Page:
Ron: No keg Fred, so I got you the usual.
Fred: Just thought it'd make a change. Nehmind, they waitin' on a delivery then?
Ron: No, gaffer reckons all the breweries stopped making keg bitter araand twenny odd years ago. I said to 'im, I said you ought to av a sign up behind the bar so as people will know.
Fred: They don't tell yer nuffin now Ron, just do as they please without any warnin'.
Ron: He reckoned there was a sign up abaht it for a time and then they took it dahn.
Fred: No consideration at all.
Ron: Gaffer's only, what, forty-six, forty-seven. That's why.
Fred: Why what?
Ron: People under sixty don't realise Fred, that when yer turn sixty the ol' time seems t' go faster. Twenty years ago to them seems like a couple o' years ago to us.
Fred: And we remember some fings but not others.
Ron: Yep. Should've left the sign up.
Fred: I won't see sixty again, Ron.
Ron: Nor me, but what I'm sayin' is that sixty is when it starts t' kick in. Body wearin' out.
Fred: I noticed it from abaht sixty-one. Got up from a seat t' get off a train, and 'ad t' sit dahn again. Dizzy. Hadn't been drinkin, so it wasn't the drink.
Ron: Dizzy spells, aching joints, eyes go, hearing goes. All kicked off at sixty with me. Tried t' run for a bus, me arms were moving like fast pistons but me legs were just sort of makin' walkin' movements. Been like it ever since.
Fred: And from the age of sixty it takes longer t' go.
Ron: What, the bus?
Fred: No, to go. Y'know, when yer need t' go.
Ron: Oh, to go. I'm slow t' start, slow durin', and then drip, drip, drip t' finish.
Fred: That's me - drip, drip, drip. I find a little shake helps sometimes.
Ron: Like an old tap mine is. Dodgy washer.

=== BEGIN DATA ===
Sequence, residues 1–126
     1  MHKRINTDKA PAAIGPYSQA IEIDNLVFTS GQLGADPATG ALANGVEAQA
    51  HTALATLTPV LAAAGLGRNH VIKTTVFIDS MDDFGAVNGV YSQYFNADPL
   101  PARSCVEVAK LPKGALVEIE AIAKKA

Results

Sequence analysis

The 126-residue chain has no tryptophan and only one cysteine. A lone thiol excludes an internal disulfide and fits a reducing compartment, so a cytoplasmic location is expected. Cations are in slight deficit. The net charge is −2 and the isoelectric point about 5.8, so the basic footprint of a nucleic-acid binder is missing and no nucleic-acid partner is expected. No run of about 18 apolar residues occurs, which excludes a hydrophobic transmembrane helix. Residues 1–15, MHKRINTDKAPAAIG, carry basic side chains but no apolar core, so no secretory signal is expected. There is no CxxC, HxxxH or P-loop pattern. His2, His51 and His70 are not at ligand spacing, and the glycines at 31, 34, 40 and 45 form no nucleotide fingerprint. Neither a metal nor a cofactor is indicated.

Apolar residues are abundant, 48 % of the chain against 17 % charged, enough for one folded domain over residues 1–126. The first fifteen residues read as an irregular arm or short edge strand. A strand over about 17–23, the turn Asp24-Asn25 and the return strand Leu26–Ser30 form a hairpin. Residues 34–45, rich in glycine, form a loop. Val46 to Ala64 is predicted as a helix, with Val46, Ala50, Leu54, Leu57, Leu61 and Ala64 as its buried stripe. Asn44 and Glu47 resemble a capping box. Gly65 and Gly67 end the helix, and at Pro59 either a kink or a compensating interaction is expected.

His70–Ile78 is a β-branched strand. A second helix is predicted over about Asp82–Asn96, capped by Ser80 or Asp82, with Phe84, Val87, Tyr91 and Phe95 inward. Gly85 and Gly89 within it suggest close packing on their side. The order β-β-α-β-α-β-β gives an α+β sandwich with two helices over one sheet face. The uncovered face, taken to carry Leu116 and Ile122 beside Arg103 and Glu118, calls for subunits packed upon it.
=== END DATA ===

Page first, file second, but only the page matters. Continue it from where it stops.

Fred: I used to av a strong flow with the keg. Happy memories.
Ron: That's where this government is gettin' it all the wrong way raand, Fred. I mean wiv the state pension age rises.
Fred: Prime Minister says if too many people refuse to kick the bucket then they've only got themselves t' blame. Says the young people can't afford t' pay for the pensions.
Ron: Make state pension age sixty for both sexes Fred, that's the answer.
Fred: Papers say the country can't afford it.
Ron: Rubbish. For the past twenty years the problem has been too many older people working on past sixty, keeping their bums on the seats of jobs. That's led to there being millions of young people being held back on the ladder of promotion. They're over qualified for what they're doing, Fred. Employers paying out less wages because so many youngsters are available and qualified to do the jobs, and for anyone getting promoted there's thousands who remain on the lower rungs. They should already be doing jobs higher up the ladder and earning the money so that those pensions would be easily paid for from their wages. Country needs vibrancy.
Fred: Must be frustrating for young people, to know they're more than able to do the job of a sixty-year old who can't even run for a bus.
Ron: The young can get to work quicker than the average bus, and get the morning's work done before the sixty year old has even arrived there. So lucky this country is to have the clever young people we have today. Young alert minds, ready and eager to bring this country into the twenty-first century, but being held back by a government with its nose stuck in the fifteenth. And think of how long it takes an over sixties person to visit the loo during working time. Drip, drip, drip.
Fred: Well, all I know is this. Yer lis'nin?
Ron: Yep, I'm lis'nin.
Fred: All I know is that when I was younger and drinking the keg bitter, I definitely had a very strong and healthy flow. You're right in sayin' that both sexes should get the state pension at sixty, but I don't think it'd work without the keg. I firmly believe it was what gave me the flow I had, it was the keg bitter, Ron. So if this country needs a strong flow from its young workers, and it does, then the Prime Minister is going to have to order the breweries to bring back the keg.
Ron: The Prime Minister! That drip definitely takes a long time t' go.
Your round. I'm off t' the gents. I may be gone for some time!